ACT politicians urged to ban alcohol advertising at Canberra sports grounds to protect children
Health advocates have called on ACT politicians to ban alcohol advertising at Canberra’s sporting grounds and expand the Territory’s Liquor Board to include parents.
The Foundation for Alcohol Research and Education launched its ACT election policy last week, urging a multi-pronged approach to help protect Canberra’s children from the direct and indirect harms associated with alcohol misuse.
“This election, we are calling on political parties and candidates to commit to sensible measures that would address the way alcohol is marketed and sold in our community, and modest investments that would empower and support communities, help reduce alcohol harm and better protect the children of Canberra,” FARE chief executive Michael Thorn said.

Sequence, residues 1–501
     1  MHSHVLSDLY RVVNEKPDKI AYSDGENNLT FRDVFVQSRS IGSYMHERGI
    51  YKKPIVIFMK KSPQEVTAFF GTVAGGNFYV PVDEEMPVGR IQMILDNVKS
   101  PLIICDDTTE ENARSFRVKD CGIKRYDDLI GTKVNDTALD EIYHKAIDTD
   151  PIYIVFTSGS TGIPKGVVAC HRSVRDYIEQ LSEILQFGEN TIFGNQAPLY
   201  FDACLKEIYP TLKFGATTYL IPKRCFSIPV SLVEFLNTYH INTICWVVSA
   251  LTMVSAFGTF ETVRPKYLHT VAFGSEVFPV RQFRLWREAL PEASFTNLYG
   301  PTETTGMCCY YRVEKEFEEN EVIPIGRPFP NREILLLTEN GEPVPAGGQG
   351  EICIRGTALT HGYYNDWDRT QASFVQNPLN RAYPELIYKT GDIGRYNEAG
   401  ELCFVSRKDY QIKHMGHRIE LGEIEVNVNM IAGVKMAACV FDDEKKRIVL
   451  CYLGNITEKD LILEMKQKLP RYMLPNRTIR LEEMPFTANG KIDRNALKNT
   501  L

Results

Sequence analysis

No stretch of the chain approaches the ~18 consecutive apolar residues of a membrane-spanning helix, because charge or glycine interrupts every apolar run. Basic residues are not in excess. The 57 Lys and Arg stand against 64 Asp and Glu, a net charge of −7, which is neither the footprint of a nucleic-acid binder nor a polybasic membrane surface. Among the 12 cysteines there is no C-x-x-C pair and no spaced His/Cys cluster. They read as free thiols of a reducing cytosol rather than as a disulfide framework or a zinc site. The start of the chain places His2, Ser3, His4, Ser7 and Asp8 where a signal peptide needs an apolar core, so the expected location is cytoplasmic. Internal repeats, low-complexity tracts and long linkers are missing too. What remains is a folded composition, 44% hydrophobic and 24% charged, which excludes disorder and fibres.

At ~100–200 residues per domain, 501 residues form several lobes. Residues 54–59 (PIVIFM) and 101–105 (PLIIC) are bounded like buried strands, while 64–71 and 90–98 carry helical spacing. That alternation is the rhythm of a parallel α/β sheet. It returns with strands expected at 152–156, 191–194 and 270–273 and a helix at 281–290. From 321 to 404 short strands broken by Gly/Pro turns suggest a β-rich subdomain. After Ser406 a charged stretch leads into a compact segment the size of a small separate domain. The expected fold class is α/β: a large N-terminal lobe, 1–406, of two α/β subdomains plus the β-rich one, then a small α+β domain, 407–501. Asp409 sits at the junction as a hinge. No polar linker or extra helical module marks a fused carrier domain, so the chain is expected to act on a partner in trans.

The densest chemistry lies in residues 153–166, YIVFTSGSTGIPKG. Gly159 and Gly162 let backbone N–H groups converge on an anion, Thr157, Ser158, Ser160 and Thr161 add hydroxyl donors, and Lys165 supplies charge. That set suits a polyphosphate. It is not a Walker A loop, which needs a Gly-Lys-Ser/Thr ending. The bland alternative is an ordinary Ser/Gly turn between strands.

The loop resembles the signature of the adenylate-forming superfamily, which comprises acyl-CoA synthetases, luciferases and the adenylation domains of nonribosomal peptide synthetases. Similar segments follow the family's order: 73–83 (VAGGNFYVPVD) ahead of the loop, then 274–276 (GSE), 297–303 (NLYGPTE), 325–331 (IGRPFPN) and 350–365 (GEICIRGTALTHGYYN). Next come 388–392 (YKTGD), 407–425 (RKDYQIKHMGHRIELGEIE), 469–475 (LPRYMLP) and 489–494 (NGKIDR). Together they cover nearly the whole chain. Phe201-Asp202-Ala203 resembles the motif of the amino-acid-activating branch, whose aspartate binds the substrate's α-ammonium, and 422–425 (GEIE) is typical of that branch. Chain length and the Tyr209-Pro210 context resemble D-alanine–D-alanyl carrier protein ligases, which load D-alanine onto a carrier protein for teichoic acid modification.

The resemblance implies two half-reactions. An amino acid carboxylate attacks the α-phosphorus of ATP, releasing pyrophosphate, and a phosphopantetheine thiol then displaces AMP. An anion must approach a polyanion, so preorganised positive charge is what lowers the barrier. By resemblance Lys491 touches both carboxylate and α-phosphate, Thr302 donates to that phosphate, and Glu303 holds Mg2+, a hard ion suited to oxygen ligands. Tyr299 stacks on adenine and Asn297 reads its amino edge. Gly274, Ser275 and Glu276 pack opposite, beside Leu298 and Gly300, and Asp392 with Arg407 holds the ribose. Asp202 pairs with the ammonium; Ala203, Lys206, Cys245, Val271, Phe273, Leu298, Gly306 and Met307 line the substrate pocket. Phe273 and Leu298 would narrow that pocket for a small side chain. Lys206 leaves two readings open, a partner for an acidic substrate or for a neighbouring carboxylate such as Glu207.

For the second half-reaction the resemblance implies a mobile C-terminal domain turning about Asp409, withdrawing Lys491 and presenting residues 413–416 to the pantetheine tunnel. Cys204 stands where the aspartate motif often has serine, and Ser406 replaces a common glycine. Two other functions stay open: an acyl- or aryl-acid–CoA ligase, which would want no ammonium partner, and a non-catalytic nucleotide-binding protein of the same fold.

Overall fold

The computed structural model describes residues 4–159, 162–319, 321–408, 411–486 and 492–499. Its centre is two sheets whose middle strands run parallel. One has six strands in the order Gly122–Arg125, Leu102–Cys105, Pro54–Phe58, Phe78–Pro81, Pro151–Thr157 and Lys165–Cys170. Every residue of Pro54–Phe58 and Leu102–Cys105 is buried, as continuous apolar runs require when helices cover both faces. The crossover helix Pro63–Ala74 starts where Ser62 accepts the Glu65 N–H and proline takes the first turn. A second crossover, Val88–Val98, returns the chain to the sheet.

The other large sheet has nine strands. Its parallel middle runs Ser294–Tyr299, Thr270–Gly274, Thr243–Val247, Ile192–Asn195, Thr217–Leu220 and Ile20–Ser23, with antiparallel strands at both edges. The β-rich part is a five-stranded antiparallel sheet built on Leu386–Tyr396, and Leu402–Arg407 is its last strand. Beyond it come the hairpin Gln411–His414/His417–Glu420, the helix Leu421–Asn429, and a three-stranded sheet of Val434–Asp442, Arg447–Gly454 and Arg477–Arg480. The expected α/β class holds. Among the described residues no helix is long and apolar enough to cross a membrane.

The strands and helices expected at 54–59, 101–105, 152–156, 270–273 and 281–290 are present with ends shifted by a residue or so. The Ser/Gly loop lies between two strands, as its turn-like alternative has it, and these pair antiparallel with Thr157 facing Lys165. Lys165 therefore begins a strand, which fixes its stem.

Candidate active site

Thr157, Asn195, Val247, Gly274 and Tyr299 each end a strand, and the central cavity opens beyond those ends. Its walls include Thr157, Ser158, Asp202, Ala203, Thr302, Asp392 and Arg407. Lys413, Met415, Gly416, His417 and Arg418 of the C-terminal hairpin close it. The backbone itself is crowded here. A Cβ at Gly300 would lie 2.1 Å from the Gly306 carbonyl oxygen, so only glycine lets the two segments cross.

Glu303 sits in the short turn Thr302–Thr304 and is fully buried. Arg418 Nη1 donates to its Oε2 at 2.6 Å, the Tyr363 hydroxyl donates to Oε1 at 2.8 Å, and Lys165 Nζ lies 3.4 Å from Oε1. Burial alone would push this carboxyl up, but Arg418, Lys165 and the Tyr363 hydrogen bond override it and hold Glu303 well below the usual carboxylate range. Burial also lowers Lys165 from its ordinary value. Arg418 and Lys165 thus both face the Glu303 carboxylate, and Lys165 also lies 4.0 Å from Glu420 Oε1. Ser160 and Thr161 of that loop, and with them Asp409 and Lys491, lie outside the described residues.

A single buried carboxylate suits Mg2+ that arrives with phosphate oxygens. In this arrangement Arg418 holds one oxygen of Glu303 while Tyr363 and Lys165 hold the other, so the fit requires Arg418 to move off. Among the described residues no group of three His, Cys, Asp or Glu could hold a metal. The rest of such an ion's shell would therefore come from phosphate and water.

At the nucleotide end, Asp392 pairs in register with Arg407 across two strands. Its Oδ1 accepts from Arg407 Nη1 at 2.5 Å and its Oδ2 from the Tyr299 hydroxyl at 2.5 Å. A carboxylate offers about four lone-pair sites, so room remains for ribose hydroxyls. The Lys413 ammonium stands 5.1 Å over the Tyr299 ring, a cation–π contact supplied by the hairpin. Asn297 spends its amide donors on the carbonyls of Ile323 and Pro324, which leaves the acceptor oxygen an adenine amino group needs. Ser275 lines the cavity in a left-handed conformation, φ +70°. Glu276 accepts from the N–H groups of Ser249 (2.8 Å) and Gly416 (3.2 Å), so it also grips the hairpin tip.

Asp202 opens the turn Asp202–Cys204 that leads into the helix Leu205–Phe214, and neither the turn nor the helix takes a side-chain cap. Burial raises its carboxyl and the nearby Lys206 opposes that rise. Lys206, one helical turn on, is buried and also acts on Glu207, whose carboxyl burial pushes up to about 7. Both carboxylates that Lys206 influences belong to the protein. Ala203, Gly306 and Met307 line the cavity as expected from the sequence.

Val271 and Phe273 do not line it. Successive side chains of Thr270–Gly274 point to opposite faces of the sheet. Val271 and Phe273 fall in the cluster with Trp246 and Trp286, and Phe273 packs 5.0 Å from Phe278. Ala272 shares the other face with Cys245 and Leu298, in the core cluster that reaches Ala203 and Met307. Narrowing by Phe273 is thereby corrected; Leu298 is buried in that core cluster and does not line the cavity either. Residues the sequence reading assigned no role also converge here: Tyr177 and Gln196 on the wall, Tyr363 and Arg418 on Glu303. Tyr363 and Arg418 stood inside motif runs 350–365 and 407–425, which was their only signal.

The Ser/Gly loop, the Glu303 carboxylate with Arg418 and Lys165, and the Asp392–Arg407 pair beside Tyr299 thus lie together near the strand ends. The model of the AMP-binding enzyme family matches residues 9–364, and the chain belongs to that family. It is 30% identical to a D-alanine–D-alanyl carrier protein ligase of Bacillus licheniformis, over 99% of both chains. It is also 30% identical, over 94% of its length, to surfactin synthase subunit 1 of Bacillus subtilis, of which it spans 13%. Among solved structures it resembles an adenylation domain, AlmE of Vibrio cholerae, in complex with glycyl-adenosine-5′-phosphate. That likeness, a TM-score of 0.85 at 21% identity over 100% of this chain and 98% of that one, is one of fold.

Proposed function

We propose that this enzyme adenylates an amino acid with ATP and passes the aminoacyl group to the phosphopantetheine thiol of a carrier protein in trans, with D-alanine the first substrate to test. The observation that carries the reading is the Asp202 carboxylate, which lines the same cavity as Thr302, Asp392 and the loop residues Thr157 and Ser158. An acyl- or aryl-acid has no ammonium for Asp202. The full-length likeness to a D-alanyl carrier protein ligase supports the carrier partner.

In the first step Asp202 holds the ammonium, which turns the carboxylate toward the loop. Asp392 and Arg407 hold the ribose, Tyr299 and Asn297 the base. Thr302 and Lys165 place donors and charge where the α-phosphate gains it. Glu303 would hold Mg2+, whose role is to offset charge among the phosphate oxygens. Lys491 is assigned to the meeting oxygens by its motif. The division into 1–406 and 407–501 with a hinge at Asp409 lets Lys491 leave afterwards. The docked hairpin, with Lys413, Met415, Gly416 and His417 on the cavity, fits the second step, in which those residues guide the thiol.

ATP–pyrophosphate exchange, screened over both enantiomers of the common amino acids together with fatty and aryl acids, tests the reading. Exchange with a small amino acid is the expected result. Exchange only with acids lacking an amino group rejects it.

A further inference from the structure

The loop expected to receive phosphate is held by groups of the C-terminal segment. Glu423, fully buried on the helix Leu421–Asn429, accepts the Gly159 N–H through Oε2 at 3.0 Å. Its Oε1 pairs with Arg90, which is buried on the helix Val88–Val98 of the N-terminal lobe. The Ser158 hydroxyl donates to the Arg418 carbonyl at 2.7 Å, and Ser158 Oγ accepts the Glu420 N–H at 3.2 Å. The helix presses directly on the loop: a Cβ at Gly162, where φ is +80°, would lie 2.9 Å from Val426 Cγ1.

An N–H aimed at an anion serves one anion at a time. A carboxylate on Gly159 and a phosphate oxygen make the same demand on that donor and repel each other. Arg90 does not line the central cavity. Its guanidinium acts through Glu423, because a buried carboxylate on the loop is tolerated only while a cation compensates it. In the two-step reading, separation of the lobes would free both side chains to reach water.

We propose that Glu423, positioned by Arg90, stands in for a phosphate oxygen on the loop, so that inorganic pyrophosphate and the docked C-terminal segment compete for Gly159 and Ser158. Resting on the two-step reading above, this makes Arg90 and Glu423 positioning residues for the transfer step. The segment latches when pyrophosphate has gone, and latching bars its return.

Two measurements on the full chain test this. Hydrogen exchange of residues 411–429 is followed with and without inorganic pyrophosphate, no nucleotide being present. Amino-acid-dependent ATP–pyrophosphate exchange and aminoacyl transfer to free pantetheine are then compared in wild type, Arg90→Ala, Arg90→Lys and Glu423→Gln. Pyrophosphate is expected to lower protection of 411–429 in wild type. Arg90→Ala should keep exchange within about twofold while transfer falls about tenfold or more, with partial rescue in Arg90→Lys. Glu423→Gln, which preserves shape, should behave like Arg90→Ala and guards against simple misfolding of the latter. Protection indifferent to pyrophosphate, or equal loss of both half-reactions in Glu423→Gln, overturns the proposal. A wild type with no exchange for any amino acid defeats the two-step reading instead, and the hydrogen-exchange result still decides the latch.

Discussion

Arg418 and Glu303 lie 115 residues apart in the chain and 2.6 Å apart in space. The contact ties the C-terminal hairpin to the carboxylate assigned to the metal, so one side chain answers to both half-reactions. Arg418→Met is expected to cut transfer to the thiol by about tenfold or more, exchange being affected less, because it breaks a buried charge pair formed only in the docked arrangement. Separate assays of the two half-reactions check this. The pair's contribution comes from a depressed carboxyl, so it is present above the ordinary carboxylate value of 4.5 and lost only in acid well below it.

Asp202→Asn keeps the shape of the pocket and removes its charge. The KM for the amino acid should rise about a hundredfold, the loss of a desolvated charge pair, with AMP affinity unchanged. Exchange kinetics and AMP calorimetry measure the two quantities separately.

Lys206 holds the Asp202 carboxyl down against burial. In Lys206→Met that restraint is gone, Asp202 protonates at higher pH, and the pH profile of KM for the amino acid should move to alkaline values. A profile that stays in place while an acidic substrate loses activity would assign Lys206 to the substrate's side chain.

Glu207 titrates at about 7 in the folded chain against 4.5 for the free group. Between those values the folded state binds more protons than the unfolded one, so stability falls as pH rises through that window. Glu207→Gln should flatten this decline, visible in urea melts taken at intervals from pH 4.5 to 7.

The foundation, which in the past has called for minimum per drink prices to combat alcohol abuse, urged $1 million be invested over four years in a centre in Canberra for children affected by fetal alcohol spectrum disorder (FASD).
Mr Thorn said aside from alcohol use affecting children in utero, it could also result in physical abuse, domestic violence and teenage death.
“We know that it’s the environment we live in that contributes to these harms,” he said.
“That’s the bad news. The good news is we know there are very achievable ways of addressing these environmental factors and reducing these harms.”
The FARE platform also called for political leaders to guarantee the $2.2 million in annual funding for the ACT Health Promotion Grants program to continue, and to expand the “Game Changer+” program to every government high school in the territory, which the foundation estimated would cost $200,000 over two years.
Despite Chief Minister Andrew Barr walking away from a series of proposals to lift licensing fees and restrict nightclub hours, the foundation also reiterated previous public health sector calls for licensing fees to be increased by at least 25 per cent.
Disclaimer: The views and opinions in this article are those of the authors and do not necessarily represent the views of Edmonton and Area Fetal Alcohol Spectrum Disorder Network.